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Technical Paper

The In-Situ Measurement of the Thermal Diffusivity of Combustion Chamber Deposits in Spark Ignition Engines

1992-02-01
920513
Combustion chamber deposits in spark ignition engines act as thermal insulators and can lead to octane requirement increase. The thermal properties of deposits are not well documented, the reported thermal diffusivity values vary by two orders of magnitude. Two thermal property measurement techniques were compared, the flash and steady illumination laser methods. The steady laser method was more suitable for deposit property measurement. A comparison was made of the thermal properties of deposits grown with a base fuel with the thermal properties of deposits grown with the base fuel doped with reformer bottoms. For the clean fuel the thermal diffusivity ranged from 3.5 to 3.9-7 m2/s, at various locations around the combustion chamber. For the fuel doped with reformer bottoms the thermal diffusivity ranged from 1.1 to 1.9-7 m2/s at different locations within the combustion chamber.
Technical Paper

Smart Icing Systems for Aircraft Icing Safety

2003-06-16
2003-01-2100
Aircraft incidents and accidents in icing are often the result of degradation in performance and control. However, current ice sensors measure the amount of ice and not the effect on performance and control. No processed aircraft performance degradation information is available to the pilot. In this paper research is reported on a system to estimate aircraft performance and control changes due to ice, then use this information to automatically operate ice protection systems, provide aircraft envelope protection and, if icing is severe, adapt the flight controls. Key to such a safety system would be he proper communication to, and coordination with, the flight crew. This paper reviews the basic system concept, as well as the research conducted in three critical areas; aerodynamics and flight mechanics, aircraft control and identification, and human factors.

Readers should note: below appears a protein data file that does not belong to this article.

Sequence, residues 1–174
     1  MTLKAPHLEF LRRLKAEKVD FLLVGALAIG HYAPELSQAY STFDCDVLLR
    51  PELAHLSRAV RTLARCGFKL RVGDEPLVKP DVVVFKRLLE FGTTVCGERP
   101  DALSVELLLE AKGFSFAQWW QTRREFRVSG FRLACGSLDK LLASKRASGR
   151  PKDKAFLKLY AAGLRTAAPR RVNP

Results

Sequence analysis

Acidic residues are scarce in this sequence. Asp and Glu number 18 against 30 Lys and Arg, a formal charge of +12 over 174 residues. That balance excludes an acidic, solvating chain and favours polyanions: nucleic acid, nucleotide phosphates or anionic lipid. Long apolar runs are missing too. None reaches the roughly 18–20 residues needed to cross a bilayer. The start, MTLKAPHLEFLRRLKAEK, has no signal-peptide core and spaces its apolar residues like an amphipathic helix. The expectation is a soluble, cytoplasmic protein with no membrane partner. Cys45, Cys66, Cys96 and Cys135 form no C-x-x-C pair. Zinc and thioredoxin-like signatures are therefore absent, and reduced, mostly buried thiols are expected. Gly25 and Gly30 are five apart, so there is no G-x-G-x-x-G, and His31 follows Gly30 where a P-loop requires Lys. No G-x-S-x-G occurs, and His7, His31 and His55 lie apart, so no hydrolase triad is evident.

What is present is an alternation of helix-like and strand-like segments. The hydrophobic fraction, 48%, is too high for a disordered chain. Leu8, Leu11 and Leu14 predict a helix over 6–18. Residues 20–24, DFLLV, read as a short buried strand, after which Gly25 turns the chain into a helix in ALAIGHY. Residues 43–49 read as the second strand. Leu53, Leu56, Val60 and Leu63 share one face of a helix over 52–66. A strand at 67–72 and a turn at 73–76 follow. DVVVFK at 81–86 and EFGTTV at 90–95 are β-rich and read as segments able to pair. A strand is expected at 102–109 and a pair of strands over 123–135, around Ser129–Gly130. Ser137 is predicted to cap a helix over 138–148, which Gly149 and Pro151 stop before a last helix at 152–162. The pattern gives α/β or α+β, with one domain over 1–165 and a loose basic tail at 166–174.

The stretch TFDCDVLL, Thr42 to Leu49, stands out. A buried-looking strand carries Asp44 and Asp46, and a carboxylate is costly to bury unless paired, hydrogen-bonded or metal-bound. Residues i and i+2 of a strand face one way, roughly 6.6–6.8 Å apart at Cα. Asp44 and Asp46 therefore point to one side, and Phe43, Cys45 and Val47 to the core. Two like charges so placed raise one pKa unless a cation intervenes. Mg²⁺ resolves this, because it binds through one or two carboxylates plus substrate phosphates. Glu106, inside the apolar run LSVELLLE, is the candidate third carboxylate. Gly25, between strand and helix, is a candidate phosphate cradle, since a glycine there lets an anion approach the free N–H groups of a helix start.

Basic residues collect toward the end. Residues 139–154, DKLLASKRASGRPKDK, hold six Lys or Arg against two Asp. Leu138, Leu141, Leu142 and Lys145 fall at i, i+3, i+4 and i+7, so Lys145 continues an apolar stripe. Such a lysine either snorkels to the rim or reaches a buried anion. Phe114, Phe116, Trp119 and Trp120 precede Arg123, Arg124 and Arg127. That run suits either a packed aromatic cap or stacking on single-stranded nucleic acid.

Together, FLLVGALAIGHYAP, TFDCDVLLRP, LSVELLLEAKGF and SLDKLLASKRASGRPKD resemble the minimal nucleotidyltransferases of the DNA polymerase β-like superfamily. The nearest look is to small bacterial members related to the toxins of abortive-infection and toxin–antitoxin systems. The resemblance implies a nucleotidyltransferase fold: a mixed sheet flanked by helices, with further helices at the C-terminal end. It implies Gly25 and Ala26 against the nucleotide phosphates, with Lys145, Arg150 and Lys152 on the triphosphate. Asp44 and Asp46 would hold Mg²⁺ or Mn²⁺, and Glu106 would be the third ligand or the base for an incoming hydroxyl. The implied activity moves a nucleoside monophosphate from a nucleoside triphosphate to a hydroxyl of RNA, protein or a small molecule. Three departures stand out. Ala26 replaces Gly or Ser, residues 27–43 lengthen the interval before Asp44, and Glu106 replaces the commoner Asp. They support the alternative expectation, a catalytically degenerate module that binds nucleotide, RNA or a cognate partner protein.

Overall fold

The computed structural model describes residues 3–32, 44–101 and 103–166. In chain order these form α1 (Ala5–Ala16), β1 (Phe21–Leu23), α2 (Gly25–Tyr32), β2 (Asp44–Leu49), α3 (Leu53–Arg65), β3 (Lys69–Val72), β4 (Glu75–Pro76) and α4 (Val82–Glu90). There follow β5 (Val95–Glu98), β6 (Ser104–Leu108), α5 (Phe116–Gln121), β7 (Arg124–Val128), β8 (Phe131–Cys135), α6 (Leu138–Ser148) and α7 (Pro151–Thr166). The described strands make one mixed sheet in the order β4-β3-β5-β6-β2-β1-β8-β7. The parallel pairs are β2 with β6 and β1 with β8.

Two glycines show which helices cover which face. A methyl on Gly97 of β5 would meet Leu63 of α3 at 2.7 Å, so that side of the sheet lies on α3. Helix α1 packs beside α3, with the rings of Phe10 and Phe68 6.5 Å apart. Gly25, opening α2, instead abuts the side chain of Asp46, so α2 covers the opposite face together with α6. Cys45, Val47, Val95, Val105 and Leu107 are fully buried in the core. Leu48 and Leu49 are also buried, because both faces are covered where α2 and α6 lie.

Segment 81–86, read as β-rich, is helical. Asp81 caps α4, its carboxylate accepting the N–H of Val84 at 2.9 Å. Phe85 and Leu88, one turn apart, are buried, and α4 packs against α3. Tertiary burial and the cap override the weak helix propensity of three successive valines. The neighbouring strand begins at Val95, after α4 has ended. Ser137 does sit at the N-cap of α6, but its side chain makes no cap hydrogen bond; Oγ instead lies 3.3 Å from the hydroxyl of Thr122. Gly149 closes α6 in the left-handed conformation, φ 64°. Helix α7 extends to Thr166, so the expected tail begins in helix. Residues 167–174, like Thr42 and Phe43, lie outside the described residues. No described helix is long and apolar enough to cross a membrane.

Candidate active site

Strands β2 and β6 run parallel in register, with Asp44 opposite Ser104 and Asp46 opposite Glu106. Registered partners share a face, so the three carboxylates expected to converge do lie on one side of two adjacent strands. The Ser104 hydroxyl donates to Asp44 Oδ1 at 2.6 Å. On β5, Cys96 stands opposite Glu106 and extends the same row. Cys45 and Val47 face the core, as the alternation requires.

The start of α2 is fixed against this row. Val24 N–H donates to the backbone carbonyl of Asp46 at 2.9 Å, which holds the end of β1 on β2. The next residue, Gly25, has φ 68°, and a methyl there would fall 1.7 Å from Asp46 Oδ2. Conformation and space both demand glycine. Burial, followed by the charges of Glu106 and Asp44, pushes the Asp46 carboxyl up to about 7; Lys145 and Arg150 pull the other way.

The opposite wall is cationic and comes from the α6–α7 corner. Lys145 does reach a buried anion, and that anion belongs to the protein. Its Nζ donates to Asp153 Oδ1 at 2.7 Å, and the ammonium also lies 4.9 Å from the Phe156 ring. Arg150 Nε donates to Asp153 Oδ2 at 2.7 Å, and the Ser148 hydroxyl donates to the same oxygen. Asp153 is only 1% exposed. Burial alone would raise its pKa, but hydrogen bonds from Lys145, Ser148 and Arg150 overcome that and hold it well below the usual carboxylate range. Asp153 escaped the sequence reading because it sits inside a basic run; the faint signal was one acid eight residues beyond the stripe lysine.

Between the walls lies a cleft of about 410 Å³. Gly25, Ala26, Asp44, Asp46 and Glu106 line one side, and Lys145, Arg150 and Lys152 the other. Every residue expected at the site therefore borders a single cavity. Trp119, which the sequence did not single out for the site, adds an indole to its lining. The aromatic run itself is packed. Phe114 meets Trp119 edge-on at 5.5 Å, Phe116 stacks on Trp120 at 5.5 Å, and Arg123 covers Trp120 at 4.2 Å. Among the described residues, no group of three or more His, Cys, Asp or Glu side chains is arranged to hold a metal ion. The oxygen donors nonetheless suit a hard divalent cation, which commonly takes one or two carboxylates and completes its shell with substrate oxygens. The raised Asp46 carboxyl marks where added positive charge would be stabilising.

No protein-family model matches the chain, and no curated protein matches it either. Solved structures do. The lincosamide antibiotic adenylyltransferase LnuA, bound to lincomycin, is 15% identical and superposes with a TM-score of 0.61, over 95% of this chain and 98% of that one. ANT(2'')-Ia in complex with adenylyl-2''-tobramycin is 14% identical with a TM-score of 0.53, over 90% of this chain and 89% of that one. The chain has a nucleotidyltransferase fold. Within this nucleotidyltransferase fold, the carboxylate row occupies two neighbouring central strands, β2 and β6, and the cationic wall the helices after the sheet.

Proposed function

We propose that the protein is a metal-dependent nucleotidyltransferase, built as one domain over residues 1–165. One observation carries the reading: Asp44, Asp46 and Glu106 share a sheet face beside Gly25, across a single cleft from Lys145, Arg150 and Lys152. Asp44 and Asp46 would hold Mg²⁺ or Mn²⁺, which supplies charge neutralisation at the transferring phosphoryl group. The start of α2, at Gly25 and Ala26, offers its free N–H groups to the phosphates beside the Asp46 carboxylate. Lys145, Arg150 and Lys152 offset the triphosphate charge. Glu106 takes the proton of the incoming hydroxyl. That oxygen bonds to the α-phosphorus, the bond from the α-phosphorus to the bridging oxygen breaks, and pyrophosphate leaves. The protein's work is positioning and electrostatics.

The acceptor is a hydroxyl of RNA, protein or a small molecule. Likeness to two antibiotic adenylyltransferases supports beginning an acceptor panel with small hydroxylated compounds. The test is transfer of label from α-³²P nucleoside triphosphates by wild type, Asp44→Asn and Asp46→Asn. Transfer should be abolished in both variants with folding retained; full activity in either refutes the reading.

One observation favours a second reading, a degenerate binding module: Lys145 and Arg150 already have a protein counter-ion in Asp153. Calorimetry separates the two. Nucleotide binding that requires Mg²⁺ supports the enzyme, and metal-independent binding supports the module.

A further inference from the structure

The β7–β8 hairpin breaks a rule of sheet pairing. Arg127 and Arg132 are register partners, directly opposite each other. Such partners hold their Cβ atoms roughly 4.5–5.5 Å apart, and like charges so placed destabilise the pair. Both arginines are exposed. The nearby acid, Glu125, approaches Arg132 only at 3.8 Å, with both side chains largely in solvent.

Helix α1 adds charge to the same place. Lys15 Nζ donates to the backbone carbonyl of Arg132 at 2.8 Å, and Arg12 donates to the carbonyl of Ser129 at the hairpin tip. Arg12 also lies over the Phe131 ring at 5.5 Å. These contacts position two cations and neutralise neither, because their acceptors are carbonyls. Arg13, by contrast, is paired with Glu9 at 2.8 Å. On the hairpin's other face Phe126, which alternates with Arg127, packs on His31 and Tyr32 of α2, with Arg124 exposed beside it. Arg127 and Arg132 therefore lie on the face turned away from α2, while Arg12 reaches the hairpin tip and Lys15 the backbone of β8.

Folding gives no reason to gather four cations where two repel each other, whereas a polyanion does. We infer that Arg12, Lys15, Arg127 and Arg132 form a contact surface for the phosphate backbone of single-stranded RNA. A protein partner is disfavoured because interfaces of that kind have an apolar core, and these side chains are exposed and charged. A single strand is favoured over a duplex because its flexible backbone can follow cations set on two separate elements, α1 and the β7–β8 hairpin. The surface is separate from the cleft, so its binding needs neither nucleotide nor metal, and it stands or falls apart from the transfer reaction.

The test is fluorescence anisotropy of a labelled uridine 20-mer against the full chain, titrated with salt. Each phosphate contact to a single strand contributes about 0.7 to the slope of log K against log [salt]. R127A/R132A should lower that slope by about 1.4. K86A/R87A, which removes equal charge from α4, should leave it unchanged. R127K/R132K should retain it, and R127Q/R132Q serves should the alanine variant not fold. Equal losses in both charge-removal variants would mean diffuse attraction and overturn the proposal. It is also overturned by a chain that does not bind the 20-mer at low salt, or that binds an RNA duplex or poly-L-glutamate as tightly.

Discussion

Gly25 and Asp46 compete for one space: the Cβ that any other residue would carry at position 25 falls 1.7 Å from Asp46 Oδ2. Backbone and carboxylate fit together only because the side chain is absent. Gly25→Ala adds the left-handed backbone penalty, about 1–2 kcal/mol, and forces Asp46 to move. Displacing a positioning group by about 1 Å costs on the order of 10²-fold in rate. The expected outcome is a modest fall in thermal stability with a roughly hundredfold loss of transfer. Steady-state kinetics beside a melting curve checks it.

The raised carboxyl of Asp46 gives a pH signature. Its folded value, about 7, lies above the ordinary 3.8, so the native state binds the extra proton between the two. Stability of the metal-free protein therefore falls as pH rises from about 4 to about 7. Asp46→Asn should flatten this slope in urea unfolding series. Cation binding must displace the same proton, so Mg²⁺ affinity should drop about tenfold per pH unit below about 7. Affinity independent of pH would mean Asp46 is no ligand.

Technical Paper

Performance of Alcohol Blends in Diesel Engines

1981-04-01
810681
A normally aspirated, four-stroke diesel engine was tested under operation with two alcohol containing fuel blends. The fuels contained ethanol, butanol, heavy virgin distillate, diesel Nos. 2 and 4, and a cetane improver. The proportions of the components were selected to give blends with properties within the range of diesel No. 2. The final blends contained 25 and 43.7 percent alchohols. Test results showed a loss in power due to the reduced heating value of the blends, and some deterioration of performance at light loads. At intermediate to heavy loads, satisfactory performance was obtained.
Technical Paper

Iced-Airfoil and Wing Aerodynamics

2003-06-16
2003-01-2098
Past research on airfoil and wing aerodynamics in icing are reviewed. This review emphasizes the periods after the 1978 NASA Lewis workshop that initiated the modern icing research program at NASA and the current period after the 1994 ATR accident where aerodynamics research has been more aircraft safety focused. Research pre-1978 is also briefly reviewed. Following this review, our current knowledge of iced airfoil aerodynamics is presented from a flowfield-physics perspective. This section identifies four classes of ice accretions: roughness, rime ice, horn ice, and spanwise ridge ice. In these sections the key flowfield features such as flowfield separation and reattachment are reviewed and how these contribute to the known aerodynamic effects of these ice shapes. Finally Reynolds number and Mach number effects on iced-airfoil aerodynamics are briefly summarized.
Technical Paper

High Temperature Cyclic Fatigue Damage Modeling of Alumina

1994-03-01
940251
Cyclic loading is not as damaging as static loading of ceramics at high temperatures. Microcrack growth retardation has been established as a mechanism for increasing the durability of ceramics at high temperatures. A combined experimental and theoretical approach provides a mechanistic understanding of the deformation and failure processes in ceramic materials at high temperatures. Results demonstrate that the high temperature behavior of some ceramic material systems are controlled by the behavior of the grain boundary phase whose response is considerably different under static and cyclic loading.
Technical Paper

Feasibility of Modifying an Existing Semi-Trailer Air Suspension Into an Anti-Rollover System

2001-11-12
2001-01-2733
This paper examines the feasibility of modifying an existing semi-trailer air suspension system to function as an anti-rollover system in addition to its normal suspension operation. The semi-trailer model used is a dynamic, two-dimensional system. The anti-rollover system controller is formulated using projective control theory. All other factors being equal, simulations show that use of the modified suspension system decreases the weight shift when the semi-trailer undergoes lateral acceleration. By decreasing weight shift, the modified suspension system decreases the possibility of rollover.